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The Statutory Cap on Non-economic Damages Applies to Intentional Torts

August 5, 2020

Maryland’s highest court upheld the application of the statutory cap for non-economic damages in personal injury and wrongful death actions even where the defendant was found to be grossly negligent.  Rodriguez v. Cooper arises out of the murder of a prisoner by another prisoner while both were in State custody.  The victim’s Estate filed suit against the State and various employees of the State including Sgt. Cooper, a correctional officer.  The jury returned a verdict against the State finding that certain correctional officers were negligent and that Sgt. Cooper was grossly negligent.  The trial court limited the judgment against the State and against Sgt. Cooper pursuant to the statutory cap on non-economic damages.  The Estate appealed the decision of the trial court.  

Maryland has a maximum limit, or a “cap” on the amount of pain and suffering damages that a plaintiff can recover from an accident or incident.  Non-economic damages include all non-pecuniary damages such as physical and/or emotional pain and suffering, permanent disability, disfigurement, blindness, loss of a limb, paralysis, trauma, solatium, and loss of equilibrium.

The Estate argued that the statutory cap should not be applied to a judgment based on a finding of gross negligence which, the Estate argued, is the equivalent of an intentional act.  The Court pointed out that a finding that a person acted with gross negligence does not necessarily mean he acted intentionally.  Regardless, relying on the plain language and the legislative history of the statute, the Court of Appeals held that the there is no exception for intentional acts; rather, the cap applies in “any action for damages for personal injury or wrongful death.”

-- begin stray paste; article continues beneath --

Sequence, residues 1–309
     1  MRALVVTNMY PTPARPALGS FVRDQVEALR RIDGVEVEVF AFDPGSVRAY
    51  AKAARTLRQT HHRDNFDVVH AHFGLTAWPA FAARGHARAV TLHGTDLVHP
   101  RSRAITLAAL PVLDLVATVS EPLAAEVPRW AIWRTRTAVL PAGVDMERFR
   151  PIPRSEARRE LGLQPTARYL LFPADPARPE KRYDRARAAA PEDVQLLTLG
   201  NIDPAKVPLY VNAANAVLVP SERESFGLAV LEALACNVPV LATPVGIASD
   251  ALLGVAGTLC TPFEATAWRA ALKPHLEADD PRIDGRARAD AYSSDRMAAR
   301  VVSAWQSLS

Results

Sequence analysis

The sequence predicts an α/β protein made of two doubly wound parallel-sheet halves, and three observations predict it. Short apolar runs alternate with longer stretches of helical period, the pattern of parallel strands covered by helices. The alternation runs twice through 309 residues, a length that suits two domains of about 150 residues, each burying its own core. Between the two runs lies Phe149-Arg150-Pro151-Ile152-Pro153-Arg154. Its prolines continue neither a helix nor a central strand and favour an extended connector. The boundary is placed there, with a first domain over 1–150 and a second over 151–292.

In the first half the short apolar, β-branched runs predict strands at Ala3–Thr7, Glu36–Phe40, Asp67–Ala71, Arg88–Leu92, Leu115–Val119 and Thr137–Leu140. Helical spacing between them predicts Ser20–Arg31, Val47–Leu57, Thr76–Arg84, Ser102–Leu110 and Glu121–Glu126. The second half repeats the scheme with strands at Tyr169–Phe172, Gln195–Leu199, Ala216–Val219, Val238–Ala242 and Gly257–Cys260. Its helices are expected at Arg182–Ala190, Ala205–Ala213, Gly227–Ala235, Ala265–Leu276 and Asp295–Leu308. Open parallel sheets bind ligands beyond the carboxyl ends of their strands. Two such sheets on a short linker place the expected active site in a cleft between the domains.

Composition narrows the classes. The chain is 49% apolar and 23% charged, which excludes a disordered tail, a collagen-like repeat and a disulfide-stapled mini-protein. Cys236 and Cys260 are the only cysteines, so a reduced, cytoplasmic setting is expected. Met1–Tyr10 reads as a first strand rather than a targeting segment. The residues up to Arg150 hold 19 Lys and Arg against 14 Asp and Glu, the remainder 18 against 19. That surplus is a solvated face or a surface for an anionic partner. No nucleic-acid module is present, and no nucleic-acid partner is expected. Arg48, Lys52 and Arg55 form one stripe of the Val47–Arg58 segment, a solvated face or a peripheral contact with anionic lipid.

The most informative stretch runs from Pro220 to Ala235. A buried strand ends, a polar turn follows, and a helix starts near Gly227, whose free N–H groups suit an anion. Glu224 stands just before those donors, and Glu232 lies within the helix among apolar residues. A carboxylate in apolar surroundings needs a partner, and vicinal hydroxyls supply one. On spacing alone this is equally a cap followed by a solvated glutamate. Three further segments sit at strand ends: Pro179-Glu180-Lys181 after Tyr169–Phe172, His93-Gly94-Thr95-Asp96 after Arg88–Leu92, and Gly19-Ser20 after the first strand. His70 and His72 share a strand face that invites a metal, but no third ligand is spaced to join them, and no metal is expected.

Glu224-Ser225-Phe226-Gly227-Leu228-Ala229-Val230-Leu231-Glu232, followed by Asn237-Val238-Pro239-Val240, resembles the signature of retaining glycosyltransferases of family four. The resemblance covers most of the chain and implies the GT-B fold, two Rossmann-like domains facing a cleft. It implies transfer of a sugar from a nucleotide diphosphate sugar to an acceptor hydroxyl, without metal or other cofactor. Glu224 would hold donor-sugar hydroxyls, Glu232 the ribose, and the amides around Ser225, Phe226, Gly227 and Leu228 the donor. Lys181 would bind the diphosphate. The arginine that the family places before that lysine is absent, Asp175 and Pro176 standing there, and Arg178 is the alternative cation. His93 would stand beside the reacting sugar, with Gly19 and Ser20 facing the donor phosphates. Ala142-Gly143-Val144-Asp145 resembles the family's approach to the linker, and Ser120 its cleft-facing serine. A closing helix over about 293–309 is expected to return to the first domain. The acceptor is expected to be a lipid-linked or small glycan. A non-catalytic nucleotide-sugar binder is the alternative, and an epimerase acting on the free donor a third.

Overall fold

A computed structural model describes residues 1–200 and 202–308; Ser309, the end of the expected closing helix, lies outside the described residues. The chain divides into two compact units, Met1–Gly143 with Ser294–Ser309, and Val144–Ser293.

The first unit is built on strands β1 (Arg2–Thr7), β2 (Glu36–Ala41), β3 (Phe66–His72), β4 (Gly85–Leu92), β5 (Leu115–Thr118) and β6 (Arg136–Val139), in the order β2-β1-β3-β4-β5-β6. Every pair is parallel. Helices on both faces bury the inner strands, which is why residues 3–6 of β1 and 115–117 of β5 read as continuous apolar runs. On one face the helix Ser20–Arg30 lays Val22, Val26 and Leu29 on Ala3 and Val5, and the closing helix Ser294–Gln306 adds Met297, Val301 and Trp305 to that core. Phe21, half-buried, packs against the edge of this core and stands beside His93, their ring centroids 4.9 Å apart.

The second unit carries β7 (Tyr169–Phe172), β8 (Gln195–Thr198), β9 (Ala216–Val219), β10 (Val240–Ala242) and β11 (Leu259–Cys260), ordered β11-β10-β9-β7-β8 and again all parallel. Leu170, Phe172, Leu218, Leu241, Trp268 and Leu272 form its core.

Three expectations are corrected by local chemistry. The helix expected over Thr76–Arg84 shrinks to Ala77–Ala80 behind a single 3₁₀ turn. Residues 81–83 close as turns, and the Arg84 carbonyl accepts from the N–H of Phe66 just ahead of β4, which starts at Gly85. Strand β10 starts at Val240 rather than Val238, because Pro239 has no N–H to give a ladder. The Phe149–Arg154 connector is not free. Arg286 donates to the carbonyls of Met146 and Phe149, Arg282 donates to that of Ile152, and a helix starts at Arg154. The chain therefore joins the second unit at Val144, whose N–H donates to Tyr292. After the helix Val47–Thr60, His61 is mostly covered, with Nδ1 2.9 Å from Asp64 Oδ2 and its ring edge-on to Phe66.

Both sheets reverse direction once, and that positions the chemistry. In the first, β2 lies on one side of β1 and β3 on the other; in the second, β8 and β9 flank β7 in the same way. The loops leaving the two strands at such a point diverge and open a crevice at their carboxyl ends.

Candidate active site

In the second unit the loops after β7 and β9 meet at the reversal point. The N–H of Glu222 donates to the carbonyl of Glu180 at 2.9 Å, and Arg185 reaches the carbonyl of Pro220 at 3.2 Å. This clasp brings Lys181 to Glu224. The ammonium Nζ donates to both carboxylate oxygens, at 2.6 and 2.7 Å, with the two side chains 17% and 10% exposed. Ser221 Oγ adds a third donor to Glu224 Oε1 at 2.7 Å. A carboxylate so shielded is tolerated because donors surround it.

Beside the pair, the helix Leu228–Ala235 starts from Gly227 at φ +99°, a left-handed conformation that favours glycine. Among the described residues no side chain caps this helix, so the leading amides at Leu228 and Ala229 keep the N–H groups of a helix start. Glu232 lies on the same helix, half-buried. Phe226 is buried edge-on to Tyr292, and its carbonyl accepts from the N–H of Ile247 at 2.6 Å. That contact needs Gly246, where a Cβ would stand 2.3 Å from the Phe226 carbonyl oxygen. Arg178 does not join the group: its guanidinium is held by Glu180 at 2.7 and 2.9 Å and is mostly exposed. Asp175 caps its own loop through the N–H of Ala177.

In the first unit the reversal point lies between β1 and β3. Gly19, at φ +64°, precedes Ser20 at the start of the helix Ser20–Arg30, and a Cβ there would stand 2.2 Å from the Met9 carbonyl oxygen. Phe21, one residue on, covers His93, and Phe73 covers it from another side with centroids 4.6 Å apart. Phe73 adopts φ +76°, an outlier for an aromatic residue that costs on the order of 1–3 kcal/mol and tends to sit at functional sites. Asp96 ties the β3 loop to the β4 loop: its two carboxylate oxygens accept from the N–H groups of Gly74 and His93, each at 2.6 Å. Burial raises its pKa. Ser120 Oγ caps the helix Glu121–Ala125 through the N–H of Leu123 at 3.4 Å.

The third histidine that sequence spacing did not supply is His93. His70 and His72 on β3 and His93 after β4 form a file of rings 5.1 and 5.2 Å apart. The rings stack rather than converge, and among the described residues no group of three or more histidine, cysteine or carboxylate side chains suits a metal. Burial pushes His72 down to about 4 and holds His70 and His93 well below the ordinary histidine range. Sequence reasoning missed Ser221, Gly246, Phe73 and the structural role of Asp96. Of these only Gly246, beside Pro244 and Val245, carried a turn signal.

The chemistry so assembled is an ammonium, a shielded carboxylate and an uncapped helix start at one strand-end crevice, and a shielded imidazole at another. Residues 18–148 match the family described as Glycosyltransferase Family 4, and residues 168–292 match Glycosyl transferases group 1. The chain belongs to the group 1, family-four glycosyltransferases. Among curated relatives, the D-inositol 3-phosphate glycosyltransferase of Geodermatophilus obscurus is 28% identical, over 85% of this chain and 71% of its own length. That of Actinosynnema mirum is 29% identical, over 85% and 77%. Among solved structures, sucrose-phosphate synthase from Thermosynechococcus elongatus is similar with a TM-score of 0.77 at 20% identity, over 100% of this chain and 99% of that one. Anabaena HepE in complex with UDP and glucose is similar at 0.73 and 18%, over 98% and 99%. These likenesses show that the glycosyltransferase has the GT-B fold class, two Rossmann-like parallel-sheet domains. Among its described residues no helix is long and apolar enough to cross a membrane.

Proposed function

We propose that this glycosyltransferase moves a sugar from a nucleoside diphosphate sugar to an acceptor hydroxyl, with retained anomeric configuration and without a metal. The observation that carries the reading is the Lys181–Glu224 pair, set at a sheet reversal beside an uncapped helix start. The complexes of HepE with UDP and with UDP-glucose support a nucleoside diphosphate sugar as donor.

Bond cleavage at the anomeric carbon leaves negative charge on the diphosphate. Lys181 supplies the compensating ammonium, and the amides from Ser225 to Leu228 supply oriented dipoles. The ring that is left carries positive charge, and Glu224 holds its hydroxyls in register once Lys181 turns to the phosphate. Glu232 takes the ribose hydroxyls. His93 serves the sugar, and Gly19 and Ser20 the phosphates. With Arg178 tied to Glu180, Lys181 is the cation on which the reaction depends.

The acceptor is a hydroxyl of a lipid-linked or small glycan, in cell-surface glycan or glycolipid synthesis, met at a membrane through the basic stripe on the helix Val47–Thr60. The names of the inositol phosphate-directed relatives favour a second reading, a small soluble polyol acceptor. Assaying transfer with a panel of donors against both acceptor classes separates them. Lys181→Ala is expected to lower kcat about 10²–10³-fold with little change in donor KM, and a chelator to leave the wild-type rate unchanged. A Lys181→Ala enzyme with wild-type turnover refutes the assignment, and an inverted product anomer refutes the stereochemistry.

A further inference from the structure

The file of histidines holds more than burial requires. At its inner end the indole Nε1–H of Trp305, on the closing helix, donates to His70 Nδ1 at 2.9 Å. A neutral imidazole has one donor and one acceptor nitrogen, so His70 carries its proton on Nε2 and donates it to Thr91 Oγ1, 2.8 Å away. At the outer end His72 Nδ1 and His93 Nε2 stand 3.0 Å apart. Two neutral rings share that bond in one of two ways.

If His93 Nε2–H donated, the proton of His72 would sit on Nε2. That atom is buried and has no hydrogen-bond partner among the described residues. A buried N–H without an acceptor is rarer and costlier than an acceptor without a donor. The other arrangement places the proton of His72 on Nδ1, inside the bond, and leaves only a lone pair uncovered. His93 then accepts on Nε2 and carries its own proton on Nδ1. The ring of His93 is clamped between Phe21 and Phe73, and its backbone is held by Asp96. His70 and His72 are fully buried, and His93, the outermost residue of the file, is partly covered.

In Maryland, jurors are not informed about the cap; instead, the cap is applied by the court, if necessary, after the jury has reached their verdict.  The Estate in this case also argued that Sgt. Cooper waived the application of the cap because he did not raise the issue during a previous appeal.  The Court ultimately determined that Sgt. Cooper had not waived the cap, but commented that it is not entirely clear that a litigant has the ability to do so as the statute clearly provides that a non-economic damages award “may not exceed” the cap and that a trial court “shall reduce” any award in excess of the cap.